Books: Why chasing money and success makes us happy

And why trying to raise the national GWB (general well-being) is a crock.

(Photo: Natalie Castellino)

A few years ago, Todd Buchholz started researching a new book. A decorated Harvard economics instructor, a former White House policy adviser, and the author of bestsellers like Market Shock and New Ideas from Dead Economists, Buchholz found himself surrounded by people he deemed to be seeking tawdry material gain at the expense of real quality of life. He believed that the “frenzy” of modern life was stressing us out, creating an almost structural unhappiness in North American society.

Popular opinion seemed to support his premise, with a wave of recent tracts arguing that even a strong economy made us miserable. Buchholz’s was to be another voice in the chorus arguing that we cheat our true selves when we compromise happiness in the quest for a raise, a promotion or the next big deal.

That book never got written. As he researched his subject, exploring economics, neuroscience and evolutionary biology, Buchholtz became convinced that much of the modern happiness project was a crock—not just unhelpful economically, but unhealthy and unnatural. What he’s written instead is Rush: Why You Need and Love the Rat Race (Hudson Street Press), and it couldn’t have landed further from its author’s original concept.

To be fair, Buchholtz isn’t exactly a recovering socialist utopian; he’s a hedge fund manager, and his White House service came under Bush 43. But he’s only recently come to the belief that competition is actually “integral to our beings,” in contrast to the preachings of what he calls the “Edenists.” “We feel a natural yearning to go back to simpler times, to some Eden that exists in our Jungian memory,” he writes. But the burgeoning happiness industry takes that yearning and twists it into a belief that “if we could just stomp out competition, we could achieve self-realization and bliss.”

The notion of measuring the GWB—general well-being—alongside the GDP, once the near exclusive province of the Himalayan kingdom of Bhutan, has recently gained traction with David Cameron’s Tories in Britain. Meanwhile, the body of literature analyzing and measuring happiness is growing and increasingly popular: from 1991 to 1995, Buchholtz writes, there were just four economics papers published on the topic; between 2001 and 2005, more than 100 appeared. Most of this research backs what happiness gurus have been telling us since before R. H. Tawney wrote about The Acquisitive Society a century ago: that the constant pursuit of more and better stuff—higher salaries, privilege and the baubles that accompany success—doesn’t result in increased happiness.

Fine, says Buchholtz. But on both policy or personal fronts, there’s no real argument those things make us unhappy, either. If anything, there’s plenty of research tying happiness to economic freedom and labour mobility. And in individual jobs, he writes, happiness has more to do with personal control than with compensation. “Someone who earns peanuts at the zoo, but who decides when to feed the elephants and when to take his own break, may be happier than…the harried dentist who has to ask his office manager when he can slip out to the bathroom.”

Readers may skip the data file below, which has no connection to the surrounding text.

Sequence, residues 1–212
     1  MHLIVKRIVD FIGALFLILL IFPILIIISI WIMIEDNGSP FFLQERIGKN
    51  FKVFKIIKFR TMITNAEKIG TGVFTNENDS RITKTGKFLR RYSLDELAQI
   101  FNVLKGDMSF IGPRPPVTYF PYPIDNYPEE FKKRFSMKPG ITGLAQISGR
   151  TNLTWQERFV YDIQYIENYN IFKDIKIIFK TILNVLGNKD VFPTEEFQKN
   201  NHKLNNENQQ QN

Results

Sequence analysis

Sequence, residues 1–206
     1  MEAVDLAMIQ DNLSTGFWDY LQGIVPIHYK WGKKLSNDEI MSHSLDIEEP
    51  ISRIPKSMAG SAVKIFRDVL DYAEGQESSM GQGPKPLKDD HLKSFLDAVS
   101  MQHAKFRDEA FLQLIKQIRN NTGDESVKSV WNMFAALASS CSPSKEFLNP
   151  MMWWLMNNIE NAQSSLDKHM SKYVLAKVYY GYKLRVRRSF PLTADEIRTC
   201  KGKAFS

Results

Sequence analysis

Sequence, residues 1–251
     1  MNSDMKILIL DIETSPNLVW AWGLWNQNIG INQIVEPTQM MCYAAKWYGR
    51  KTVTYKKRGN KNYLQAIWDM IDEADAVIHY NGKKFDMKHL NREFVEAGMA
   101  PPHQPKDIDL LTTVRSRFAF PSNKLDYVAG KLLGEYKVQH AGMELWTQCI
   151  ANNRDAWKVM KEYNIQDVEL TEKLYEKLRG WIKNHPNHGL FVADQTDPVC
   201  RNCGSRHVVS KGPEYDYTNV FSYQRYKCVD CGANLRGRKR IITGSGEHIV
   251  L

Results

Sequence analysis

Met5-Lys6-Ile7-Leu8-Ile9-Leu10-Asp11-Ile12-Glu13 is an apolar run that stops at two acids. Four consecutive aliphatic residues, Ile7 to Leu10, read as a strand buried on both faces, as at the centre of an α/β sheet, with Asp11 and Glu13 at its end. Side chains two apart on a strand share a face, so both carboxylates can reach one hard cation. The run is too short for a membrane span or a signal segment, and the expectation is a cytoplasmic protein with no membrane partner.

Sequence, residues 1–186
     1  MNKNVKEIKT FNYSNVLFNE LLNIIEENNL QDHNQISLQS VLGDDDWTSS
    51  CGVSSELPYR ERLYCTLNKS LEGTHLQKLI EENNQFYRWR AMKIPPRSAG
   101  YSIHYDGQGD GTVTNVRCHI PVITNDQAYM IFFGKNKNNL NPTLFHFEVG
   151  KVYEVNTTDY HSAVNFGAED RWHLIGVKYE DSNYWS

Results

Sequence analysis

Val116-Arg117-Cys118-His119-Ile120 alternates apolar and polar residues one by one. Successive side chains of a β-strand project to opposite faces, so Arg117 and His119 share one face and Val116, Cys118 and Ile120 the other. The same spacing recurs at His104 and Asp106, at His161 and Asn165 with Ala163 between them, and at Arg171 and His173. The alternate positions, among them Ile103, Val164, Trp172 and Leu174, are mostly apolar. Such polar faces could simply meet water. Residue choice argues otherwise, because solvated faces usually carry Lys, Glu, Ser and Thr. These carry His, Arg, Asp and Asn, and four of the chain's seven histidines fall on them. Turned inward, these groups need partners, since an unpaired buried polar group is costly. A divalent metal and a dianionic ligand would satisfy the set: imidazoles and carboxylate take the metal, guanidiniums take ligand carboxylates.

What we’re naturally inclined to do with that personal control, in professional and entrepreneurial settings as well as in private life, is to get things done. On a biological level, Buchholz believes, happiness is linked to achievement. “The truth is, most people have a deep need to work and to create.”

That stems in part from the presence in our brains of a well-developed frontal lobe, an evolutionary advantage we hold over the rest of the animal kingdom. It’s the part of the brain that allows us to think about the future, and enables all that accompanies such thoughts: self-control, planning, hope. Buchholtz points to the work of Harvard psychologist Daniel Gilbert, who estimates that Homo sapiens spends about 12% of their time thinking about the future; earlier Homo species lacked that ability, and were thus stuck in what Gilbert calls a “permanent present.”

Because our brains can conceive a future, we’re wired to want to make progress toward it: our brain “tells us we will be happy only if we have some forward momentum in our lives,” Buchholtz argues. “A life of staring endlessly at the surf armed with a pina colada will confound and frustrate the frontal lobe.”

That’s not to say that Buchholz buys the old Gordon Gekko mantra that greed is good. He doesn’t believe that we’re driven to put in long hours by rapaciousness and envy. Instead, it’s the marriage of our need to feel progress with our ability to hope that leads us to want to do more, achieve more, and that plays into our concept of self-esteem. While there are surely some who are distracted by the “hedonistic treadmill,” most of us—by competing for money, professional standing, love—are gunning for self-respect and the esteem of peers. “Our competitive drive is not ultimately about showing off to others,” he writes. “It is about showing ourselves that we deserve to live, and then to live on through our progeny.”